Retirees worry about spending large, unexpected sums of money on out-of-pocket medical costs, housing repairs, family expenses, and marital changes. But the spending shock they’re often least prepared for is the one that can be far and away the most financially devastating: long-term care.
Of all the spending shocks that are most likely to send your retirement portfolio spiraling into the abyss, a long-term care event is right at the top of the list. While most shock expenses in retirement can be disruptive, they don’t typically clean out the retirement till. Long-term care expenses, however, can force you to burn through a lifetime of savings in just a few short years. This is a spending shock that all too often sends retirement plans into cardiac arrest.
To illustrate the devastating implications of a long-term care event, consider the following conversation I frequently have with my clients:
Me: Mr. Jones, you know I love you, right?
Mr. Jones: Yes, Brian, I know you love me.
Me: I do love you, but you’re better off dying than needing long-term care.
Mr. Jones: [Looking a bit disconcerted.] Uh, why’s that?
Me: Well, at least if you died, your wife would be the beneficiary on all your retirement accounts. And while we would miss you terribly, life for her from a financial perspective would continue along relatively unchanged.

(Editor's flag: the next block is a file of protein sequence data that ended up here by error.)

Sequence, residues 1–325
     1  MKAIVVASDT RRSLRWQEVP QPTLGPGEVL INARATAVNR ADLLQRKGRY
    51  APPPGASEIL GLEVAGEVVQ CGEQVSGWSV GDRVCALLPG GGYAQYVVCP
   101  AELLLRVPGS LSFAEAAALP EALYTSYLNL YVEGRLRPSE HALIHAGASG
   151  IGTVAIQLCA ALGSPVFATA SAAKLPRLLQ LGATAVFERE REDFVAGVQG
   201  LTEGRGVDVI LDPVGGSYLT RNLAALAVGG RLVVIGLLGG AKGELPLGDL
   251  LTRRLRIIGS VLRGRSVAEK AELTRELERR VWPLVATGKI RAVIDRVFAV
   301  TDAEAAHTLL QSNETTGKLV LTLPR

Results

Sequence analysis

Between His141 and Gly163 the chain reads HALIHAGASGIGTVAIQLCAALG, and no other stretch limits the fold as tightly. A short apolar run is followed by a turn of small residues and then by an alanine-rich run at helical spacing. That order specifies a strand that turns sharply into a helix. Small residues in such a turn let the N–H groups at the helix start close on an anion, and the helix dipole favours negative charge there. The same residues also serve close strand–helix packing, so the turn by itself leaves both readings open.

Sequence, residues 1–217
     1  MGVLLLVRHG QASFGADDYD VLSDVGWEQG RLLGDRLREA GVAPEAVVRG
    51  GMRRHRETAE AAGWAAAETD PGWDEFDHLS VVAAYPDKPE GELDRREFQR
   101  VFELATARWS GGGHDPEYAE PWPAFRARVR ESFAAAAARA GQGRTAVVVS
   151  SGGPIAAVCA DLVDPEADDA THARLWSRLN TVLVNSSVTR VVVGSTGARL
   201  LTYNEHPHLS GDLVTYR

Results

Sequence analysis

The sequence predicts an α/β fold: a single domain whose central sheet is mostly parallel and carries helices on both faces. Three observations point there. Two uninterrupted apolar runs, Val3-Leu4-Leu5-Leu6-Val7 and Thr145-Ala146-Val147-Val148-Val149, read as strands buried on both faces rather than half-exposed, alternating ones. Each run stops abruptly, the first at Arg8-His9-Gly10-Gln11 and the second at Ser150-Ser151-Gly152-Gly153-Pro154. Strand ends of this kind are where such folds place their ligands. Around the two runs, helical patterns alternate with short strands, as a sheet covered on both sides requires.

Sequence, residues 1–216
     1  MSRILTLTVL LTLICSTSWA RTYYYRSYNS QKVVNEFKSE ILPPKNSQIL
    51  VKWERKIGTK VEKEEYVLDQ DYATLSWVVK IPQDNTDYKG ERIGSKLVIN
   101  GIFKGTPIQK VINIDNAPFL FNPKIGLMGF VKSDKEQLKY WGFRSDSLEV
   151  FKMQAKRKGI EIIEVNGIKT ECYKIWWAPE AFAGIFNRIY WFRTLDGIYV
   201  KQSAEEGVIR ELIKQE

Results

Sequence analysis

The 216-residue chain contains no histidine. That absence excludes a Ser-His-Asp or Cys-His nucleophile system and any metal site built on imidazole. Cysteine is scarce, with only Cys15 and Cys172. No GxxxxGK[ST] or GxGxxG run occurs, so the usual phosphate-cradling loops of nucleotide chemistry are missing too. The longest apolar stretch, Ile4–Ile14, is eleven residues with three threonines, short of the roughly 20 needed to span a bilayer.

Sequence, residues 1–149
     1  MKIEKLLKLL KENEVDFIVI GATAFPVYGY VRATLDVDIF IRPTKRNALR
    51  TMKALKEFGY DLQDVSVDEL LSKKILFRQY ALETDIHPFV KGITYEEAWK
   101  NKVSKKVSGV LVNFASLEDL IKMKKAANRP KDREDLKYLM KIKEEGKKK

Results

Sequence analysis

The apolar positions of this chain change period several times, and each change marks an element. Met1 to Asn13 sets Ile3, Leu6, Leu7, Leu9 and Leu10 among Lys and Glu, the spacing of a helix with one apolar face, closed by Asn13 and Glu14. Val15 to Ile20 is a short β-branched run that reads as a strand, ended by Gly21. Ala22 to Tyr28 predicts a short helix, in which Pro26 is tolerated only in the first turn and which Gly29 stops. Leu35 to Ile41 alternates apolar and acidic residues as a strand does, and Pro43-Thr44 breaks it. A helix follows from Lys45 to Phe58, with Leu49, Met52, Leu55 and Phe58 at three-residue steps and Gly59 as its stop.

Mr. Jones shifts uncomfortably in his seat, then nods for me to continue.
Me: If you didn’t die, however— let’s say you almost died—and ended up needing long-term care, well, that’s a different story altogether. Almost all the money set aside for her retirement now gets earmarked for the long-term care facility.
She gets to keep one house, one car, a minimum monthly maintenance needs allowance (MMMNA) of about $2,500 per month, and about $128,000 in cash. So, what was shaping up to be a perfectly rosy retirement for your wife turns into basic, bare-bones, subsistence-type living. And, of course, the same would be true for your wife if she needed long-term care. Then almost all of the retirement savings you were planning on living on get earmarked for the long-term care facility as well.
Sadly, this is a painful scenario that plays out for all too many Americans. Their retirement balances all but dry up due to a devastating and costly long-term care event. And who usually takes the brunt of that long-term care event? It’s the community spouse, whose would-be retirement savings are now earmarked for the long-term care facility where their spouse will be living out their remaining years.
So, how does longevity risk compound long-term care risk? It’s quite simple. The longer you live, the more likely you are to experience a long-term care event. For example, only 1.1 percent of Americans aged 65 to 74 are in a nursing home. In other words, the risk of a long-term care event in your first ten years of retirement is statistically negligible.
But after 10 more years, it’s a different story. Once you hit age 85, that number skyrockets all the way up to 15 percent. In short, 15 percent of Americans aged 85 and older can no longer perform 2 of 6 activities of daily living. Between you and your spouse, there’s a 28 percent chance that at least one of you will need long-term care by age 85. That’s a 28 percent likelihood that you will be forced into spend- down and burn through whatever retirement savings you have left.